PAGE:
Kip Tips


How to Avoid Overspending on Wedding Gifts

Cameron Huddleston

Don't buy gifts you can't afford. Here are five ways to keep costs under control.



It's well known that June is the most popular month for weddings. My husband, kids and I actually will be attending one next weekend. And I really need to get on the ball and buy them a gift. I plan on being generous because it's my step-brother who is getting married -- and I'm at a stage in life where buying something nice for him and his fiancé won't put a big dent in my budget. It also helps that I won't be attending any other weddings (and buying more wedding gifts) this year.

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But those of you in your twenties and early thirties might be invited to several ceremonies this year (maybe some engagement parties and wedding showers, too). You're probably wondering how you can afford to get your friends something nice without racking up big credit-card bills or looking like a cheapskate when you give them a present that's actually in your price range.

The good news is that you can keep costs to a minimum by shopping smart and using a little creativity. Here are five tips to help:

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Set a budget. Examine your finances to figure out how much you can afford (use our budget worksheet). And avoid the urge to over-give. Your gift doesn't have to match the entrée price if you're invited to a fancy wedding.

Get creative. Homemade and heartfelt gifts can have a big impact -- at little cost to you. The key to pulling it off, though, is to personalize the gift. Make a wedding scrapbook filled with pictures and mementos from the wedding -- and events leading up to it. If you're not crafty, consider a DVD photo album. Or pick something for the couple's shared interests, such as a travel magazine subscription and a pair of binoculars for a globe-trotting couple, or a DVD collector's set for film buffs. Monogram an inexpensive item, such as a frame or hand towels, for a personalized touch.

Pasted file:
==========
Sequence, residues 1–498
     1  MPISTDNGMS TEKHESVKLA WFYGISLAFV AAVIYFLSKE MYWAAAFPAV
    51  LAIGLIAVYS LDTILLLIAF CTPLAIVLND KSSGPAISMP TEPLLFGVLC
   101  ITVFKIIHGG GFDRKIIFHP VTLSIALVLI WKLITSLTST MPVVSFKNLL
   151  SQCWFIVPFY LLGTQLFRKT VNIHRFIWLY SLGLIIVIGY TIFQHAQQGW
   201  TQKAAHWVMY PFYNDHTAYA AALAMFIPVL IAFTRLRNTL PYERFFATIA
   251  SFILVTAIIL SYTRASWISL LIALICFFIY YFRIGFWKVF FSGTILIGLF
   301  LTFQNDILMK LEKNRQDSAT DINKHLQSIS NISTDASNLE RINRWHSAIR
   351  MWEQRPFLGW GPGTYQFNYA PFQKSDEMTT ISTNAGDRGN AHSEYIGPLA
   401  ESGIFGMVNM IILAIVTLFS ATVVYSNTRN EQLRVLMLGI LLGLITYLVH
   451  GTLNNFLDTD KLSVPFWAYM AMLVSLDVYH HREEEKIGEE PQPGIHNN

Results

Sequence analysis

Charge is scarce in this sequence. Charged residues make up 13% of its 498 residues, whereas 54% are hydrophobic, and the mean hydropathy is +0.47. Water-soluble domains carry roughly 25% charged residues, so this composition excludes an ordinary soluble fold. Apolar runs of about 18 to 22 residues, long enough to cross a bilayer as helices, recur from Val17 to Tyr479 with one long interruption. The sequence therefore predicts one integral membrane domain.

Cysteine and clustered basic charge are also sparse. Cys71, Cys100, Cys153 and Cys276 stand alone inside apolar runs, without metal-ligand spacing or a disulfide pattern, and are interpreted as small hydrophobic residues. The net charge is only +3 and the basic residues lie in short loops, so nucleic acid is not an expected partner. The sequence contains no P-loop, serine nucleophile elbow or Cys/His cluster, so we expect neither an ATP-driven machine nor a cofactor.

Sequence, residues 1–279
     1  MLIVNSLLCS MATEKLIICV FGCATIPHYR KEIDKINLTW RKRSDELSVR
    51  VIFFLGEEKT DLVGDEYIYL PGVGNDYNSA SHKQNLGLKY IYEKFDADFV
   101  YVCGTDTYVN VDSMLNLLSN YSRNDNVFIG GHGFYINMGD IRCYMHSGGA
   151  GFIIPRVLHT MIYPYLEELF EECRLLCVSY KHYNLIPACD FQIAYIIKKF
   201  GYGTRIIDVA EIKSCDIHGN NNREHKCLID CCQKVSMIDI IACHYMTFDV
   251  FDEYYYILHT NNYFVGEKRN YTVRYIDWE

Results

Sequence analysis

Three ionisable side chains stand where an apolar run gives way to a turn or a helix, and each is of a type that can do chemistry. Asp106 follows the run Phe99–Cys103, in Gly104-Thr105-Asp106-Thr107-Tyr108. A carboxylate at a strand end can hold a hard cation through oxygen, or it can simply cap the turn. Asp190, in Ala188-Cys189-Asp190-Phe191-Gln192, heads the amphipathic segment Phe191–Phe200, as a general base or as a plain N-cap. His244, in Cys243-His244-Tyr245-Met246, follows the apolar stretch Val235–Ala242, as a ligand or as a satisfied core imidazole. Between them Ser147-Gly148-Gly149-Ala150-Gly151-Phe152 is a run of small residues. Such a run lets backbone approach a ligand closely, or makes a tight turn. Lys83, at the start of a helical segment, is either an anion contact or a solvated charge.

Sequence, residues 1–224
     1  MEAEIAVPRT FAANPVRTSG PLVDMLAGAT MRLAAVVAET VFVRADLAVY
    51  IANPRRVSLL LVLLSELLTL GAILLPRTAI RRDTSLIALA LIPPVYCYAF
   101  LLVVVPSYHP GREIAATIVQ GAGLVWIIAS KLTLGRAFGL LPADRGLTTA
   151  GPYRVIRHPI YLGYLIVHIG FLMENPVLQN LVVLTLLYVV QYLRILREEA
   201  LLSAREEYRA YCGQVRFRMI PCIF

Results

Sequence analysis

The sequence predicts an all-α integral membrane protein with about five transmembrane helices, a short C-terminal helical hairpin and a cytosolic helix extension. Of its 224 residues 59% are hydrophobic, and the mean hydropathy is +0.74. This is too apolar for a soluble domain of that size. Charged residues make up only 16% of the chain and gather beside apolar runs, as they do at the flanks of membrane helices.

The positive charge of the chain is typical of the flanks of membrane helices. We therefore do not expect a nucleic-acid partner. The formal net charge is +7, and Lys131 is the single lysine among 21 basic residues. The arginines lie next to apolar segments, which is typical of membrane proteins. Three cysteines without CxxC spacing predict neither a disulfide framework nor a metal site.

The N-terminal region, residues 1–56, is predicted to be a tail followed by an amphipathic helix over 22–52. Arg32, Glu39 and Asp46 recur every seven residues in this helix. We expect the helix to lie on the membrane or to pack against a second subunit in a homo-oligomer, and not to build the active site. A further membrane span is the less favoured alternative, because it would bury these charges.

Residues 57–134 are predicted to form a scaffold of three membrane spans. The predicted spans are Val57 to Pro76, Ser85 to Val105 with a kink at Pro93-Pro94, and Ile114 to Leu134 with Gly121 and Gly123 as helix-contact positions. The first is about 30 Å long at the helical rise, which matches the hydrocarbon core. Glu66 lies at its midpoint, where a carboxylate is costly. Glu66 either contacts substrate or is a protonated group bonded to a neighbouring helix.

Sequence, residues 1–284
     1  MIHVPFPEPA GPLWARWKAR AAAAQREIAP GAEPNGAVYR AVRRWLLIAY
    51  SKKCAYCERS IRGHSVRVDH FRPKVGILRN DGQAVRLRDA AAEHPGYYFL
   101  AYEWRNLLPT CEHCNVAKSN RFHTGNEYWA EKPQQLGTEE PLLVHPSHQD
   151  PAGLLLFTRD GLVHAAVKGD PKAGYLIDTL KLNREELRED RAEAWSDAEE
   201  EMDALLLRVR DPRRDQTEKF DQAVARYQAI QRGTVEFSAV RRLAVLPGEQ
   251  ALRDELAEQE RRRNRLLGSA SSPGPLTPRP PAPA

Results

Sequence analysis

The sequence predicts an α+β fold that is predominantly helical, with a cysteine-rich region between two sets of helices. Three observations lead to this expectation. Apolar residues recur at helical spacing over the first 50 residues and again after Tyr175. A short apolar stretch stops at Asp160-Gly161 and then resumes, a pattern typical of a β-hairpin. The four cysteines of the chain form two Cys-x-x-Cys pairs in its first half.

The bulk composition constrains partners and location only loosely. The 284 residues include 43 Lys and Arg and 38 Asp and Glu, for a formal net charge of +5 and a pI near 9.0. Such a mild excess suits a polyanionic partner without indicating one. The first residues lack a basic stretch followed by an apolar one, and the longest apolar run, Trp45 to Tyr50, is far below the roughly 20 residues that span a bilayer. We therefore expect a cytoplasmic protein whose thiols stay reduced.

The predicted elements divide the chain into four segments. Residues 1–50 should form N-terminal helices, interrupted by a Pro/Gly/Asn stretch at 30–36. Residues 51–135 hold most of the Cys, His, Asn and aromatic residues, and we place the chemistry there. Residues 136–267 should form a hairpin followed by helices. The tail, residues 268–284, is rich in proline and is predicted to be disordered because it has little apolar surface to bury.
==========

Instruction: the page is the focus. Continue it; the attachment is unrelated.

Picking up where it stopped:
Get a group gift. Go in together to get a big-impact item. Group gifts are a common practice among baby-shower guests, and they work just as well for wedding presents. Ask other friends invited to the ceremony to pitch in so you can give the couple one of the more pricey items on their registry.

Stick to the registry. If you don't know the couple well, the registry definitely is your best bet. If you try to pick out something on your own but don't know the couple’s tastes, your gift might be the butt of jokes for years to come. You can also personalize a registry item to make it more meaningful. Include a couple of your favorite cookie recipes with that mixing bowl set, for example, and toss in a few of the key ingredients.

Offer your services. If you play an instrument or sing well, you could offer your musical talents for the ceremony or reception -- and save the couple the cost of hiring a musician.

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